The assembly affirms Sister Elisabeth’s Transfer of Vows with the Dominican Blessing.

Specifically, Sister Elisabeth was called to resettlement work through Catholic Charities in the Diocese of Oakland, California. “I went to Oakland for temporary ministry,” she recalled in a 2016 interview on the occasion of her Lifetime Achievement Award for 40 years of refugee resettlement work. “I never thought I’d my whole life out here, but I love the work I’m doing.”

In 1991, Sister Elisabeth visited her Dominican community in Vietnam and decided to remain a member but, at the suggestion of Sister Donna Markham, OP – then on the General Council – she became an Adrian Dominican Associate. 

In her reflection, Sister Patricia noted that when Sister Elisabeth attended a 2019 gathering of Adrian Dominican Sisters, Associates, and Partners in Mission, Sister Patricia Siemen, OP, Prioress, invited her to come home to Adrian. “The Holy Spirit took hold of Elisabeth from this Upper Room where she had lived for 50 years, unlocked her door, and encouraged her to renew her vows with the Adrian Dominican Sisters,” Sister Patricia said.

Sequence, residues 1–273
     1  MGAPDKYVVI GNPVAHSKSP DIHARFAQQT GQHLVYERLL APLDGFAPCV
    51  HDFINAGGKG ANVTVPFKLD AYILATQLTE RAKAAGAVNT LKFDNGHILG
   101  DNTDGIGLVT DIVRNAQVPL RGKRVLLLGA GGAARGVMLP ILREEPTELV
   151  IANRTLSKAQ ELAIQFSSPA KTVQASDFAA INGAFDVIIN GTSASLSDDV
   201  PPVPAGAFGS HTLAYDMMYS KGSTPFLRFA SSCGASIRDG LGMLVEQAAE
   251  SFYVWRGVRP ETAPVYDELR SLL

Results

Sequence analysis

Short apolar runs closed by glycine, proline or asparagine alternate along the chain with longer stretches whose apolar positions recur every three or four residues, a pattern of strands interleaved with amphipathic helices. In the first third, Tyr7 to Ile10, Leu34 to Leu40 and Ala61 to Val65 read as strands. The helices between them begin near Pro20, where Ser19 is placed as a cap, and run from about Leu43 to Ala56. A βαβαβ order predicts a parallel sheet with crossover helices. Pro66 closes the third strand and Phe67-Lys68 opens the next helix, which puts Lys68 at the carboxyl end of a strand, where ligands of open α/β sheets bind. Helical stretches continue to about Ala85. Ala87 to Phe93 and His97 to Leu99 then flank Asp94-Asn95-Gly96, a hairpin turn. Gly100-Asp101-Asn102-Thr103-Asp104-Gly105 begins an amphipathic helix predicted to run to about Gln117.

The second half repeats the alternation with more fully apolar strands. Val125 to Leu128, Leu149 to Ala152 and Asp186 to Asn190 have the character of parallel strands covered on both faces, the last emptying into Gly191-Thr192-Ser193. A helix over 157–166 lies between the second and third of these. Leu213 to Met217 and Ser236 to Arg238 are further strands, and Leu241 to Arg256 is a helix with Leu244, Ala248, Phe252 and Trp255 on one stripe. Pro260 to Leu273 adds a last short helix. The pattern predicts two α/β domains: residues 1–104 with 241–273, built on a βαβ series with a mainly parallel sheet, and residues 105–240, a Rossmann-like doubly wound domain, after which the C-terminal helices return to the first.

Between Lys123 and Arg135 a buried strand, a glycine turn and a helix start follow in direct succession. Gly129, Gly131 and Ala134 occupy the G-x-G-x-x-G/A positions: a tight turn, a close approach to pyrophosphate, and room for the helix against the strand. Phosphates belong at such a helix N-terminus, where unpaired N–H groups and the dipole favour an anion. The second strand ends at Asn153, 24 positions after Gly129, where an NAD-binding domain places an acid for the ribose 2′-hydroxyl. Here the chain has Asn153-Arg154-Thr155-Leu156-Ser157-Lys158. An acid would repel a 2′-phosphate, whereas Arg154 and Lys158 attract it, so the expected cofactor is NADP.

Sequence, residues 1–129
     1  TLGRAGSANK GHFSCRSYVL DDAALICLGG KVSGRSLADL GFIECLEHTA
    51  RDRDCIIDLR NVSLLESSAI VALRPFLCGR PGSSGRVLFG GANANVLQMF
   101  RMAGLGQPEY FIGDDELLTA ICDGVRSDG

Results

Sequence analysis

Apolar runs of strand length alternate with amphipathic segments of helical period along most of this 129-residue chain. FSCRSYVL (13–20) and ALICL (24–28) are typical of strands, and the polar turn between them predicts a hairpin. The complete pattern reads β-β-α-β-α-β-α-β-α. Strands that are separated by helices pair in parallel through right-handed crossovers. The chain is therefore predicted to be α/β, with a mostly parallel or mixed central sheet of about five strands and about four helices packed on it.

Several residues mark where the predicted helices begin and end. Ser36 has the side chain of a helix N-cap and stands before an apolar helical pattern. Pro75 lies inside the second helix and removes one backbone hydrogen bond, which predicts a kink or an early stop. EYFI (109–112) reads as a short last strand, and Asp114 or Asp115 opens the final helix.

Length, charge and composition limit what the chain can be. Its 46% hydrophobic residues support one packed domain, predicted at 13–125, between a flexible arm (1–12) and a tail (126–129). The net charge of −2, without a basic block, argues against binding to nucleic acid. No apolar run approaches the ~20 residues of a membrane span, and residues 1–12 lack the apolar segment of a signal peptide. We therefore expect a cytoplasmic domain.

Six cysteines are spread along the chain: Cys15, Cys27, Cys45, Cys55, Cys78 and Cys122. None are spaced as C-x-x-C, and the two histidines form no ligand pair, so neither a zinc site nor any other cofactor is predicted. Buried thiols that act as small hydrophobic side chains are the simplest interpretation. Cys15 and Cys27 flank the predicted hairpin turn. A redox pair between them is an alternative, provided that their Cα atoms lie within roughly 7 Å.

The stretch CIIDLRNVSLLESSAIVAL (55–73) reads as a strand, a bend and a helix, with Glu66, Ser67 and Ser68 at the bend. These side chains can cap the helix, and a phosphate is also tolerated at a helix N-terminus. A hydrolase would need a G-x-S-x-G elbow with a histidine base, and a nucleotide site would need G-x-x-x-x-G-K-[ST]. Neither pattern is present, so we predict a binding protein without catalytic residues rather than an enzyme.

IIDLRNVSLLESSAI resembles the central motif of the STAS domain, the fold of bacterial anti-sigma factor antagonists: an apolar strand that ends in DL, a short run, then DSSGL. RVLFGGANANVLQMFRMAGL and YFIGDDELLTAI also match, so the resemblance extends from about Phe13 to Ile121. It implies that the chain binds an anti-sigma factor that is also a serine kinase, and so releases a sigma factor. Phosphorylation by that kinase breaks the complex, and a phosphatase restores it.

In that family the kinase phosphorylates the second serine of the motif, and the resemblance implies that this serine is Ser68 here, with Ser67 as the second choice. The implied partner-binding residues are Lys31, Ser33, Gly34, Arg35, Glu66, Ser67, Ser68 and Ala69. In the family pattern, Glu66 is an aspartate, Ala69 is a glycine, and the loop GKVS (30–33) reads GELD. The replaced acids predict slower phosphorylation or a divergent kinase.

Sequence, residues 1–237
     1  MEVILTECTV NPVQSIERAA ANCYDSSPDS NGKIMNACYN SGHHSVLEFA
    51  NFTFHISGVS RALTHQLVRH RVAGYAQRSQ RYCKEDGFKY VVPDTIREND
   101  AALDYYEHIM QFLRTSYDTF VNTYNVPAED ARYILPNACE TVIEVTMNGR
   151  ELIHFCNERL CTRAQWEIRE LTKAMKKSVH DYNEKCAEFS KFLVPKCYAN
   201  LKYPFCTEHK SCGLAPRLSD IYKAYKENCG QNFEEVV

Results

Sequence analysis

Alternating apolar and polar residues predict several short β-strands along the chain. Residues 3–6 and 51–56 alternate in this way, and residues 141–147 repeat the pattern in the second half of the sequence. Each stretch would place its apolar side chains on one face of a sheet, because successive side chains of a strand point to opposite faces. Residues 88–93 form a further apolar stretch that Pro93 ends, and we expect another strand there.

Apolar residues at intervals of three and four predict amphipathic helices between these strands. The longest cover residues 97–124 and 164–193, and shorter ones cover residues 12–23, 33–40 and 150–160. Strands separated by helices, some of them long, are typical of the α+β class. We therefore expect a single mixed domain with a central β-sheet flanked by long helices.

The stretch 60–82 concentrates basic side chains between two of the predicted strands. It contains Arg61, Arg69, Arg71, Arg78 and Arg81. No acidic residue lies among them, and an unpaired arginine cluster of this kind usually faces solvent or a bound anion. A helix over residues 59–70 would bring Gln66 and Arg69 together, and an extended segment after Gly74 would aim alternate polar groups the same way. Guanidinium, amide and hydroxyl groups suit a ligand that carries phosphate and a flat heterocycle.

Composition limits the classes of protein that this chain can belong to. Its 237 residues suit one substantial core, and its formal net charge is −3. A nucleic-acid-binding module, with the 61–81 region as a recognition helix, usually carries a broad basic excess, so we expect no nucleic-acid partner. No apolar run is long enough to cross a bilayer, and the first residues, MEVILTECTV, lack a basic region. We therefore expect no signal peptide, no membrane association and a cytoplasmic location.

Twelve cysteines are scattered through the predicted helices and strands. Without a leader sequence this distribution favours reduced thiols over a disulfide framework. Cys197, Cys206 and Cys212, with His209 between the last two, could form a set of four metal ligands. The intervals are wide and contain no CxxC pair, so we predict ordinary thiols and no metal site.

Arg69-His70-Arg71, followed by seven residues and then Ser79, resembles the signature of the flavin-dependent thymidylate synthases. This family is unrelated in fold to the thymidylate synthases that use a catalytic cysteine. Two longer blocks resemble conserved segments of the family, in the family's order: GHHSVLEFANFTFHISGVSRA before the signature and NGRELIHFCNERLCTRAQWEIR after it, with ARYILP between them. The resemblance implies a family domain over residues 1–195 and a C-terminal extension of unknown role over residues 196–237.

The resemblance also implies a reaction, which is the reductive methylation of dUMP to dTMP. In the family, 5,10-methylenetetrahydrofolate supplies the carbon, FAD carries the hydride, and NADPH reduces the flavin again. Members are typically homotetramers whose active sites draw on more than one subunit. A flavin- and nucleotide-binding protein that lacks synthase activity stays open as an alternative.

“Thank you, Elisabeth, for coming home, for unlocking the doors of our Upper Room,” Sister Patricia said in concluding her reflection. “Thank you, Elisabeth, for reminding us of our own love story and to fall in love with the God of light, of, fire and warmth, our Comforter, who alone is our inheritance and joy, and to enable us to believe in the amazing things that await us beyond these locked doors.”

View the recording of the Mass below

 

For information on vowed life with the Adrian Dominican Sisters, contact Sister Mary Jones, OP, at 517-266-3532 or vocations@adriandominicans.org. For information on becoming an Adrian Dominican Associate, contact Mary Lach, Director of Associate Life, at 517-266-3531 or mlach@adriandominicans.org.

Feature photo: Sister Elisabeth Nguyen, OP, professes her vows to Prioress Patricia Siemen, OP, while her witnesses – Sister Mary Priniski, OP, left, Chapter Prioress, and Mary Jane Lubinski, OP, Mission Prioress – offer encouragement.